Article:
Posted Thursday, February 10, 2005
Many years ago, I was a first year apprentice assigned the task of pressure washing a set of condensing coils on the roof of a grocery store on Capital Hill in Seattle, an upscale part of town.
It was a 90-degree day, in late August. To make matters worse, it was a Friday around 4:30 PM. I was wet, dirty, tired and I was anxious to get home, knowing full well I had at least another hour to finish up. An elderly gentleman in coveralls, and an old and worn straw hat approached me as I came down the ladder. “Watcha’ doin,’ sonny?” he asked curiously. At that moment, it would have been easy to dismiss his inquiry and say something curt or rude. After all, I was tired. However, I decided to smile and explain what and why I was doing what I was doing. His body language told me he appreciated my gesture. He then exclaimed, “That’s great, I’m glad you’re doing this. It’s important. You see, my son runs the store for me. In fact, I own the whole block. Keep up the good work!” On the drive home, it occurred to me, “You just never know!”
He didn’t look like a millionaire. It was a moment that mattered from a business perspective.
A Customer Service Moment of Truth as defined by Jan Carlzon are the hundred daily interactions that occur when we come in contact with our customers. Carlzon gained international recognition by transforming Sweden’s national airline into a successfully profitable operation. In 1981, Carlzon became president of SAS. In one year, he managed to turn a $54 million profit in an airline that had been losing $17 million a year.
How did he do it? By turning the organizational chart upside down. He preached, taught and lived the philosophy that the airline should be customer driven. Employees who dealt directly with customer were put in charge of making decisions that affected the customer. Customers responded positively and so did employees. “The only thing that matters in the new Scandinavian Airline Systems,” proclaimed Carlzon, “is a satisfied customer. We are going to be the best airline in the world, and that means putting the customer first in everything we do.”
“The purpose of business is to get and keep customers,” wrote Theodore Levitt in “The Marketing Imagination.” That phrase is brilliance and simplicity. We sometimes forget that it costs $7 to GET a new customer, but only $1 to KEEP one!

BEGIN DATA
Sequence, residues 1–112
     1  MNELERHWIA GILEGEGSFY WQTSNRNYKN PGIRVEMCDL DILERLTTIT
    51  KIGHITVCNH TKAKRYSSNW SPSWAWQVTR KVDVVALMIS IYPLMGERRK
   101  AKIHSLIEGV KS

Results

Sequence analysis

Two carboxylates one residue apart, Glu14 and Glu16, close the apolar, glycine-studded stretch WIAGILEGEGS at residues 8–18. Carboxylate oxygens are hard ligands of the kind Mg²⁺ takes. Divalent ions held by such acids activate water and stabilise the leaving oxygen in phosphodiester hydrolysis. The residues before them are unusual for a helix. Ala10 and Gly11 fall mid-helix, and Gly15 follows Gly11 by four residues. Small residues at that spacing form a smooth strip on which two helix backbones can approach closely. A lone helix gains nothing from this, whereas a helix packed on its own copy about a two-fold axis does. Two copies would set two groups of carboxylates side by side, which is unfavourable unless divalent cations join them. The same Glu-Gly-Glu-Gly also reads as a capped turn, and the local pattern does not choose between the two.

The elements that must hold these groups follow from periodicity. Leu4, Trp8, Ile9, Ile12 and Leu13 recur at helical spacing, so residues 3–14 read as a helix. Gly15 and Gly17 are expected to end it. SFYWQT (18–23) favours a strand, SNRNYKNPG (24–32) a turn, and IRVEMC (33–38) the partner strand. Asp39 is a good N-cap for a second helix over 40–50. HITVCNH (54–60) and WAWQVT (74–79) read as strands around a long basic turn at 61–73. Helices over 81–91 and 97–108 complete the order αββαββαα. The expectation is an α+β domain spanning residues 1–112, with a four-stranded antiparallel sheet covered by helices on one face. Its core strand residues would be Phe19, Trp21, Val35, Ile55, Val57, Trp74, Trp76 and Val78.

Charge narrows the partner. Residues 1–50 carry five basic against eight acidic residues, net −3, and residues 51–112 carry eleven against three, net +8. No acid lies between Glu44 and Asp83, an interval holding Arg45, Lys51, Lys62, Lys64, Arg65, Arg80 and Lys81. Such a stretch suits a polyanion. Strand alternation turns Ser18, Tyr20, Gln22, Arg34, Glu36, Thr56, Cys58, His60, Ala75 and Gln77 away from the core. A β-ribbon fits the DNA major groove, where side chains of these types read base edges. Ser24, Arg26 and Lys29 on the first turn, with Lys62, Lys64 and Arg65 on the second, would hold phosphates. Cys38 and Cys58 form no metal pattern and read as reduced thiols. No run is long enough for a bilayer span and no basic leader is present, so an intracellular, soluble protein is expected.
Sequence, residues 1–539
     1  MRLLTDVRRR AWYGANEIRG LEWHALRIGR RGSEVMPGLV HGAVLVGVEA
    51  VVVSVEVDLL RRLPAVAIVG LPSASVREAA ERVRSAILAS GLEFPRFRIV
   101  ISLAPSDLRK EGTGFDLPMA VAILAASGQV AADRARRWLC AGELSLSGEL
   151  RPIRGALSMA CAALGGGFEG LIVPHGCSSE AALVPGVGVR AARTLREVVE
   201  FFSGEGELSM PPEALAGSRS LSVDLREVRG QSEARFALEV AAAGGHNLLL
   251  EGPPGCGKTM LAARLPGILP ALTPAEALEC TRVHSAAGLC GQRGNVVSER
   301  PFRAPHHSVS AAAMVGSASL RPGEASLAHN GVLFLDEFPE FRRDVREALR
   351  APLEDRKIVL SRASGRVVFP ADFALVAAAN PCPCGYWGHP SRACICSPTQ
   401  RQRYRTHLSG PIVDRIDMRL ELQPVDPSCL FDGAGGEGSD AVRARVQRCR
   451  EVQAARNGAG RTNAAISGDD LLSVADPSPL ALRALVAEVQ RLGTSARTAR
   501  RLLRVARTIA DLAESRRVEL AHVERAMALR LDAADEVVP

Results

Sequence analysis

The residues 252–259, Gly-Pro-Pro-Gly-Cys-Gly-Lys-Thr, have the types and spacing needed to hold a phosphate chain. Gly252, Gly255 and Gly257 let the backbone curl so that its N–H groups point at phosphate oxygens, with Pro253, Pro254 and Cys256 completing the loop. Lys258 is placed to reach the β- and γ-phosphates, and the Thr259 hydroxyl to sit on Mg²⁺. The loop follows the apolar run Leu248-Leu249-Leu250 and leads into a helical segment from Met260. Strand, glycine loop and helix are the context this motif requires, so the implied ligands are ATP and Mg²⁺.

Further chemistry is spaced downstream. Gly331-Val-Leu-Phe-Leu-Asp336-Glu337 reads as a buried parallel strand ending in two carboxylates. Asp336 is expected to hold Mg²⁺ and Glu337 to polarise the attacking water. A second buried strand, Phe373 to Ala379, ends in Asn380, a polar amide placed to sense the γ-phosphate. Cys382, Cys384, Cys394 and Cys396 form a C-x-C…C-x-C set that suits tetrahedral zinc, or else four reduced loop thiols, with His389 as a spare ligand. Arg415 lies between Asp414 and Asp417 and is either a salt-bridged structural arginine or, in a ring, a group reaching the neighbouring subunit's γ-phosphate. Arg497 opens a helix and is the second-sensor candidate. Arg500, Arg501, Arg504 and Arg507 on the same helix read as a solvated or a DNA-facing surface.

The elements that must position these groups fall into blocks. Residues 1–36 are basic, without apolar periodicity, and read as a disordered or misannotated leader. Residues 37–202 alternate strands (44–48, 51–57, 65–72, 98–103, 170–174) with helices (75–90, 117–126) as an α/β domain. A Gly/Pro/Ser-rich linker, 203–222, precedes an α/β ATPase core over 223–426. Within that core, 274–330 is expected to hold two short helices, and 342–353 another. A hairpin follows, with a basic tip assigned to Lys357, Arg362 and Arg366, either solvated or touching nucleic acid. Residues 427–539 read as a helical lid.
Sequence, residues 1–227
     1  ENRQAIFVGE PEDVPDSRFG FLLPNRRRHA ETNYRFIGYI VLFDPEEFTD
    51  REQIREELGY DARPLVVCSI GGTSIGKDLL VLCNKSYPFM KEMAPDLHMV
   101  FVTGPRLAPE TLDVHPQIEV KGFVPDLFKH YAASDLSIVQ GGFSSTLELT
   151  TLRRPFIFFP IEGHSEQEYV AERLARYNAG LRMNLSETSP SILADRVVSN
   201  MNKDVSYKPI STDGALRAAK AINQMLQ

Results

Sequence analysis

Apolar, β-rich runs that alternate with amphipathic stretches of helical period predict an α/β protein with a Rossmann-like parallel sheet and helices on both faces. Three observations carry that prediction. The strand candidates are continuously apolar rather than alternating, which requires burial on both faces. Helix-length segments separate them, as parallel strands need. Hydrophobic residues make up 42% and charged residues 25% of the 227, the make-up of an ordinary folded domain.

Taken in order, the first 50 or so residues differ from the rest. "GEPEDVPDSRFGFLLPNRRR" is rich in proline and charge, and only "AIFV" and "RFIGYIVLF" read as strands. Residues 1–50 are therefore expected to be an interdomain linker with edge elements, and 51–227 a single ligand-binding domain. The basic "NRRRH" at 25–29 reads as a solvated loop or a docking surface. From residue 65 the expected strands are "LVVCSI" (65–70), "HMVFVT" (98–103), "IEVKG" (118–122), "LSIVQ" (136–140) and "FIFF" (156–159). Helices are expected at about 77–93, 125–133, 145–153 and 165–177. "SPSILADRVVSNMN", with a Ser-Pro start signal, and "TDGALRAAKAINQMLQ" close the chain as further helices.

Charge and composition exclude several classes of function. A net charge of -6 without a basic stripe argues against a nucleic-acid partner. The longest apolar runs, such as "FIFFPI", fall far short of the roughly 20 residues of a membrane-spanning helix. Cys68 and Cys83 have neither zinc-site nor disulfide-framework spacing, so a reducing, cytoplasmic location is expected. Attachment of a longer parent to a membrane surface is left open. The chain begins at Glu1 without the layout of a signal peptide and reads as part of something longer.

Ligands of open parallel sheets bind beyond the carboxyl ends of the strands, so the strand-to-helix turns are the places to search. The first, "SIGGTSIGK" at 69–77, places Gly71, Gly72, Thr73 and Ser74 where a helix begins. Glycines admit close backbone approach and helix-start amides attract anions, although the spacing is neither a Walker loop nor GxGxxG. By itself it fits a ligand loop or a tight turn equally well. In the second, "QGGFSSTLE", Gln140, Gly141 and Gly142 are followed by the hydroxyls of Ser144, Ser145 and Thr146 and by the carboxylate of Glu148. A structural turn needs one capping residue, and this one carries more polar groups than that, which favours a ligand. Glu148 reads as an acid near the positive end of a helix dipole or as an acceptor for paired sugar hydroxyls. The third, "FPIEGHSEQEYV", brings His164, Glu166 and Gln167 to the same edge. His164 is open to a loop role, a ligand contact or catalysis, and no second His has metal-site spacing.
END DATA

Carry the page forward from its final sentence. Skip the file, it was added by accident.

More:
Keeping customers delighted and letting them know how valuable they are is as rain is to dry flowers. Some organizations have made outstanding Customer Service a part of their Vision, Values, Goals and Behavior. They reward and honor those internally that live these principles on a daily basis. They offer exceptional value in their own unique way and once we receive their exceptional service, we are spoiled to the point of fierce loyalty.
Organizations that come to mind are:
•Nordstrom – National Retailer of Clothes
•Starbucks – International Coffee Giant
•Les Schwab – West Coast Tire Distributor and Dealer
•SW Airlines – National Airline that continues to captures awards yearly
•Morton’s Steak House – World Class National Steak House
•Lexus – International Automobile Manufacturer
•New York Times – National Newspaper Giant
•Garth Brooks – Country Western Singer and Songwriter
•4 Seasons Hotel – National Hotel chain
•Arnold Machinery - West Coast Supplier of Machinery for Mining/Lift Truck Equipment
Yogi Berra, the great baseball philosopher once said, “You can observe a lot by watching!” How true that is. After years of reading about Customer Service, observing, studying and spending time with great people and companies with the single-minded goal of learning why they succeed, I have concluded some simple truths.